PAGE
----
Day 503

And we’re into the last 100 days of this adventure. (Actually, it turns out that due to a change in the length of the semesters this year, the program is now only 588 days long, so we entered the last hundred days a couple of weeks ago. However, it seems a bit late in the game to change the title of this blog, so it will remain “600 Days to Brewmastery”. But I digress…)

In Human Resources, it was more legal background on employment in Canada, with a final look at the Human Rights Act and its effect on workplace harassment, reasonable accomodation, age, and whistle-blowers. We did a quick scan of the Labour Relations Act–not too many craft breweries are unionized, so little call to delve too deeply there–and then on to the Employment Standards Act of Ontario (ESA), which guarantees minimum wages, vacation time, statutory holidays, compassionate leave, equal pay for work of equal value, and maternal or parental leave.

Next, health & safety legislation. There are actually three separate acts covering industry, construction and mining. Brewing falls under the industry guidelines, where responsibility for health and safety is shared by the employer, who must provide a safe work environment, the supervisor, who must ensure workers comply with safety regulations, and the worker, who must follow safety procedures. Saftey committees, right of refusal to do unsafe work, ministry oversight, and so on.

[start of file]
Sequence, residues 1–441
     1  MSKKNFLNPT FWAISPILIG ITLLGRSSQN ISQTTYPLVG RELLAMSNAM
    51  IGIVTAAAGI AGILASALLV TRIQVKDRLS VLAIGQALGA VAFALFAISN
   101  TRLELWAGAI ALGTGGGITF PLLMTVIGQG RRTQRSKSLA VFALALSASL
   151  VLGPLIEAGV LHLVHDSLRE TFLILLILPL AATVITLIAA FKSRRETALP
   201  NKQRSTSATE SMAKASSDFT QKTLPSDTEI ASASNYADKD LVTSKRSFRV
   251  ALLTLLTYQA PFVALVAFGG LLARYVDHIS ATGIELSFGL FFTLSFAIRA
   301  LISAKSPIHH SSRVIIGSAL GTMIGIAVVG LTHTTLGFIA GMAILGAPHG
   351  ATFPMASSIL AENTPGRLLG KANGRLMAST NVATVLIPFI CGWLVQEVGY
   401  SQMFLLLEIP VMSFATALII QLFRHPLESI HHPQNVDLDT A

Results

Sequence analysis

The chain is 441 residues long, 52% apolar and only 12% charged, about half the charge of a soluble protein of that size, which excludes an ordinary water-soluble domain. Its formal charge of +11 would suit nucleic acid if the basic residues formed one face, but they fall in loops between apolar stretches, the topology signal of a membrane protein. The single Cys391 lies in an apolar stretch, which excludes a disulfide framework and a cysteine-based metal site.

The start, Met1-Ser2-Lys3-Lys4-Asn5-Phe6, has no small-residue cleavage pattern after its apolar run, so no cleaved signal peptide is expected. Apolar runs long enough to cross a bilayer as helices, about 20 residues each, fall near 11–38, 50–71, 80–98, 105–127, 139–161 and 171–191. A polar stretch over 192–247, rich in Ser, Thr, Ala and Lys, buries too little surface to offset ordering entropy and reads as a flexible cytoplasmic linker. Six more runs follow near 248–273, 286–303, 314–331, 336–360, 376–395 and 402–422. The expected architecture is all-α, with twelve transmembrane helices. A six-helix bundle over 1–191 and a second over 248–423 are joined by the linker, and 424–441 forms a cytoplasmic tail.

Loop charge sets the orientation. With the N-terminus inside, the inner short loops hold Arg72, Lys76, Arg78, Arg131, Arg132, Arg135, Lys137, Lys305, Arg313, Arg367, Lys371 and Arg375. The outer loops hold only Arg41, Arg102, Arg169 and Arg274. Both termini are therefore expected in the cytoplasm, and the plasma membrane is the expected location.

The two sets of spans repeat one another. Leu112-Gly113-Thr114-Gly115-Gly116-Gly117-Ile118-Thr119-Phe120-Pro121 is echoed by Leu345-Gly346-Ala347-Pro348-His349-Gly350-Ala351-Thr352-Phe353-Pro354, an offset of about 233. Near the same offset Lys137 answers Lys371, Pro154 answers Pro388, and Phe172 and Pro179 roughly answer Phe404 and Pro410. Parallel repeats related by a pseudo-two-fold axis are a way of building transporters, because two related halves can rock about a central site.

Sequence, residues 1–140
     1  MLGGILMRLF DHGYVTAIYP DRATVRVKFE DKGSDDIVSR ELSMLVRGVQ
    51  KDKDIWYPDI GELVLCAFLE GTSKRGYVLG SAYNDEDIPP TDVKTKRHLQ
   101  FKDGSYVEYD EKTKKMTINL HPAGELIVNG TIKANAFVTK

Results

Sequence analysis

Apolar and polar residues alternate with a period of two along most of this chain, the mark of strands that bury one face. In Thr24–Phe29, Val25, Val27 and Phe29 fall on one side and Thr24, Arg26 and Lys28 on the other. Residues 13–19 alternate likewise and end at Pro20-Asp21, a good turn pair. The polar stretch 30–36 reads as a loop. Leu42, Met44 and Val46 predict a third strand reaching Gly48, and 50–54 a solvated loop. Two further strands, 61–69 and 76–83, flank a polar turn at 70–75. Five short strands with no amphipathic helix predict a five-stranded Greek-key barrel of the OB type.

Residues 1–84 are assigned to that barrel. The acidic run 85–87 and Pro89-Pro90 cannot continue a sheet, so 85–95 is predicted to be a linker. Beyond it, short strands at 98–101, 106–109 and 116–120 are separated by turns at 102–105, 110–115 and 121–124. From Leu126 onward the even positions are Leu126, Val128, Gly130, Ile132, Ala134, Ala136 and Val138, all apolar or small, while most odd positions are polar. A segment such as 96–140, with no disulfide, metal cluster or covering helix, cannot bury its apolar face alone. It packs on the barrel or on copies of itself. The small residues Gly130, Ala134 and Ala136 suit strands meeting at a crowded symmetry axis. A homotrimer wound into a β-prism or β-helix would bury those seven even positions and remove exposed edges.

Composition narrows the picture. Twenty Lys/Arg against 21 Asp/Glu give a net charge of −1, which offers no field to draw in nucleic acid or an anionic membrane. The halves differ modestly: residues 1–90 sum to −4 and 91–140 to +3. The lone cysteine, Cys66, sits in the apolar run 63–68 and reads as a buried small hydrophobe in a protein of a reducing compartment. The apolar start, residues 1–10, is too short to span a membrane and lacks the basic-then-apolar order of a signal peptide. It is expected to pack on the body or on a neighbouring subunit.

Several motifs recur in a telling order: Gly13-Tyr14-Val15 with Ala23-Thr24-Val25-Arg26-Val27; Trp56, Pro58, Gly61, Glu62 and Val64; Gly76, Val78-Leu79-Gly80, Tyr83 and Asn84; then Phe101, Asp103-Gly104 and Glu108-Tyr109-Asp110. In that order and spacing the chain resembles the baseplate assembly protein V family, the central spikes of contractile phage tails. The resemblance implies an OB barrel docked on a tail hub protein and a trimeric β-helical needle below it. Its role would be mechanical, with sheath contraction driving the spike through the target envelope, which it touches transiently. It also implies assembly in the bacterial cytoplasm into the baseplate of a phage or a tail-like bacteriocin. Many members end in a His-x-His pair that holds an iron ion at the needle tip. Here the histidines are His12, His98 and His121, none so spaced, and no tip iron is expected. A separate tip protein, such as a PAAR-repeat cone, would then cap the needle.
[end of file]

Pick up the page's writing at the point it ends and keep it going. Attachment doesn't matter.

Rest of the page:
On to Beer Industry with Jason Fisher. Today was all about metrics–the measure by which the various types of breweries calculate their success. That is, what defines how well a particular brewery, brew-pub or contract brewer is doing?

For the craft brewery, key metrics include number of days of production per week, month or year, the volume produced, beer wasted during the production process, brewing efficiency and sales. (The last one can be broken down into sales per licensee, sales per style or brand of beer, sales per type of container–bottle, can, or keg–sales within a geographical area, and the seasonality of sales–traditionally lower in the winter and higher in the summer.) The most telling metrics for a craft brewery are probably straight volumeĀ  and yearly growth. How much beer did I brew this year? How much of an increase is that over last year?

For the brewpub, it’s probably bums in the seats: what is my average daily turnover of customers, and on average, how much money do they spend? For instance, if you get an average of 150 customers per day and they spend an average of $25, that’s $3750 per day or $1.3 million per year.

For the contract brewer, it’s sales accounts: how many bars and restaurants are you selling product to, and what kind of growth in sales accounts does that represent over the past six months or year?

For ultra-large regional or national breweries, lowering costs is a much more efficient way to drive profits–reducing the cost of your ingredients by 5% is much easier than finding 5% in new sales accounts. (Of course, craft brewers have a thing or two to say about breweries that use cheaper ingredients and barley-replacement adjuncts in order to raise profits.)

But alas, it is time for me to increase the bottom line of some brewery by (at least) one glass of beer…



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